Overstock says its asset-light model is the way to go
Overstock CEO Jonathan Johnson says the home decor and furnishing retailer is committed to a pure-play e-commerce strategy.
Why it matters: Rising interest rates, mortgage rates and inflation have put a damper on the sector, forcing companies like Bed Bath & Beyond, Tuesday Morning and United Furniture to file for bankruptcy.
What they’re saying: Overstock's asset-light model means the company "can go down on price by asking for better concessions from suppliers who are over-inventoried without hurting our gross margin,” Johnson tells Axios.
- Overstock doesn’t hold any inventory, relying instead on third parties to drop ship products to consumers.
Of note: Overstock absorbed some of the supply from Bed Bath & Beyond after the big-box retailer was going through its own turmoil.
- “We used some of our balance sheet to buy… 30 days worth of inventory,” which it was able to sell through, Johnson says.
Yes, but: Revenue continues to lag, coming off its pandemic highs.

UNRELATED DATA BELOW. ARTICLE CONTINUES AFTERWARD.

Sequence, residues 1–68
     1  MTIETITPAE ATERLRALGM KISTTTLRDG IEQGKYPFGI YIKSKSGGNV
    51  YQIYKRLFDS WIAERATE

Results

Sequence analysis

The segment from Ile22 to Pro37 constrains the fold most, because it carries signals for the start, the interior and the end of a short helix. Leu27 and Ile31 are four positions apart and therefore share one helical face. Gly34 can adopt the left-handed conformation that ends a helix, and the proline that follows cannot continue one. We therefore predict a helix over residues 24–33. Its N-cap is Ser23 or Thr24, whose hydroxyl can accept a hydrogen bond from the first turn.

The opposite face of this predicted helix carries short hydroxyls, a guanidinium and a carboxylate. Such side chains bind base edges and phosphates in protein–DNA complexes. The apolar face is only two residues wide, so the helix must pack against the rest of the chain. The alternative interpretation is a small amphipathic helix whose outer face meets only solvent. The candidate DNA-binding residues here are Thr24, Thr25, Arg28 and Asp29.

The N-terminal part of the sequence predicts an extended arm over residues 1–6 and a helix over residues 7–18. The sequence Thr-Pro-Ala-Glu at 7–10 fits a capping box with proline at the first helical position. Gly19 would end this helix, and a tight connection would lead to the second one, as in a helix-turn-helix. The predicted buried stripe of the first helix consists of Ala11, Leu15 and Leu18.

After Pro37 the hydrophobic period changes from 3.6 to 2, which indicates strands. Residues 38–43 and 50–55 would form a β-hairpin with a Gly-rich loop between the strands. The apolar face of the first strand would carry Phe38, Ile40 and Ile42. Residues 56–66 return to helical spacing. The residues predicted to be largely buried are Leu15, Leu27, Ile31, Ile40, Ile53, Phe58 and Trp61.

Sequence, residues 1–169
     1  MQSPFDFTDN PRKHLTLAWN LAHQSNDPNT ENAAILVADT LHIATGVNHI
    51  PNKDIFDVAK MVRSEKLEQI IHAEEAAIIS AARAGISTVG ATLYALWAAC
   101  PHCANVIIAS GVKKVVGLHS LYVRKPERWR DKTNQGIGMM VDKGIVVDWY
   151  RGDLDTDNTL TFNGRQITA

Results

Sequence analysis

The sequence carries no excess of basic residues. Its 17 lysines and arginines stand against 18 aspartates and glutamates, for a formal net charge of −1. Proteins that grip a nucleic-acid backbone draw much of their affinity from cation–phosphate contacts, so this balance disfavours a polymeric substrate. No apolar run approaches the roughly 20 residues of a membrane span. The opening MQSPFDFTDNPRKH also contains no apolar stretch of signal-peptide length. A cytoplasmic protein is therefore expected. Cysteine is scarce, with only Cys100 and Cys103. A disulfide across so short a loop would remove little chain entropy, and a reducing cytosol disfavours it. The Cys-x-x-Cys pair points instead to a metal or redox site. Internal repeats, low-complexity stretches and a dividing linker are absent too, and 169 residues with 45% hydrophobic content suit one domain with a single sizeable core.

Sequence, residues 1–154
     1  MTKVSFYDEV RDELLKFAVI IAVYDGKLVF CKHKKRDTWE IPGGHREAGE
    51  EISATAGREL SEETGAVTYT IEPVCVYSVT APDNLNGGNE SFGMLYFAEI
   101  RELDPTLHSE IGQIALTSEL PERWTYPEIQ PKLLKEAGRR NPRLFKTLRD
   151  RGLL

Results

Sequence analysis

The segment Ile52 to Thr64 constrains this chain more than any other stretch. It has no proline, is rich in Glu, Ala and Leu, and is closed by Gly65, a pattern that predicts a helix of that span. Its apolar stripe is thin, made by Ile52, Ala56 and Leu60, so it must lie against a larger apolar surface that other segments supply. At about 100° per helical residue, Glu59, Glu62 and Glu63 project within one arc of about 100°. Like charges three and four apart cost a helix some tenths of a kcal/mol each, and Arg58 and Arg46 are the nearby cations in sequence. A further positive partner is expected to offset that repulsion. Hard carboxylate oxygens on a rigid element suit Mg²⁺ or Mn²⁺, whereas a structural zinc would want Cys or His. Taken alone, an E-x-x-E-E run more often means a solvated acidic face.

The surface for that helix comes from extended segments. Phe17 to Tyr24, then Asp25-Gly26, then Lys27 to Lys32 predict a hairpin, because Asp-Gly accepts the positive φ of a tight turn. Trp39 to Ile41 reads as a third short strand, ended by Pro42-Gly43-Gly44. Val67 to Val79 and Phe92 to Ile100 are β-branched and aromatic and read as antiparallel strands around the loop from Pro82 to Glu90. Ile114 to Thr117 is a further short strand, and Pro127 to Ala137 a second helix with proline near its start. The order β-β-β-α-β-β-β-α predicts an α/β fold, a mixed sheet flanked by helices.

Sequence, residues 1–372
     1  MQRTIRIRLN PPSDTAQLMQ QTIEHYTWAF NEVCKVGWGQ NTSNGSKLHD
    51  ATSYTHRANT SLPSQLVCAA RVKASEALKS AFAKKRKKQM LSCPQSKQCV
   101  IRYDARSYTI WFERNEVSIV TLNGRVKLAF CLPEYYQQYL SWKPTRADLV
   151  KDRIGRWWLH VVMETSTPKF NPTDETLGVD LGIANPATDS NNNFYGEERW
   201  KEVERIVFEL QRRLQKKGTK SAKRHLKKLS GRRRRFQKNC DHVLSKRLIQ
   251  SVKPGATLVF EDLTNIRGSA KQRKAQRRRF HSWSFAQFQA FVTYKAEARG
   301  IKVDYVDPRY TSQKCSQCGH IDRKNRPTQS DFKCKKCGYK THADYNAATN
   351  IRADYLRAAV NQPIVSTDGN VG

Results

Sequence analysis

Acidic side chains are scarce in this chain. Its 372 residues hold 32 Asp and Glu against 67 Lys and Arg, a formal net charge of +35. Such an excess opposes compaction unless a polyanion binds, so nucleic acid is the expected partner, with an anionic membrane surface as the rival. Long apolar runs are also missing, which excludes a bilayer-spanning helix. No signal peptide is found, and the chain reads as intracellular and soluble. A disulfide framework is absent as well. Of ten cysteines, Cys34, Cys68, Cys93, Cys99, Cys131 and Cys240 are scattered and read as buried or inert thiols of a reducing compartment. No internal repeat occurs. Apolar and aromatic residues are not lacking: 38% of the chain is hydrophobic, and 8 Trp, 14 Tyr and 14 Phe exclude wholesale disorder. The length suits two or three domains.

- Overstock says its adjusted earnings before interest and taxes has been positive for the past 12 consecutive quarters.
- The company has $34.5 million in long-term debt and $371.3 million in cash and cash equivalents, according to its 10-K.
The intrigue: Overstock could explore omnichannel sales via a partnership with a brick-and-mortar retailer where it can help drive traffic through returns like "what Amazon and Kohl’s did several years ago,” he says.
What’s next: The company is improving its term search function internally.
- “If people find us, but they don't find what they're looking for and we had it, that's our mistake that we need to fix,” he says.
- Overstock has also dabbled with generative AI, he adds.
- AI can be used to make product descriptions better and to improve customer calls so that questions can be answered and customers can get the information they want.
- Overstock wants to increase its product count to expand the breadth and depth of its products, he says.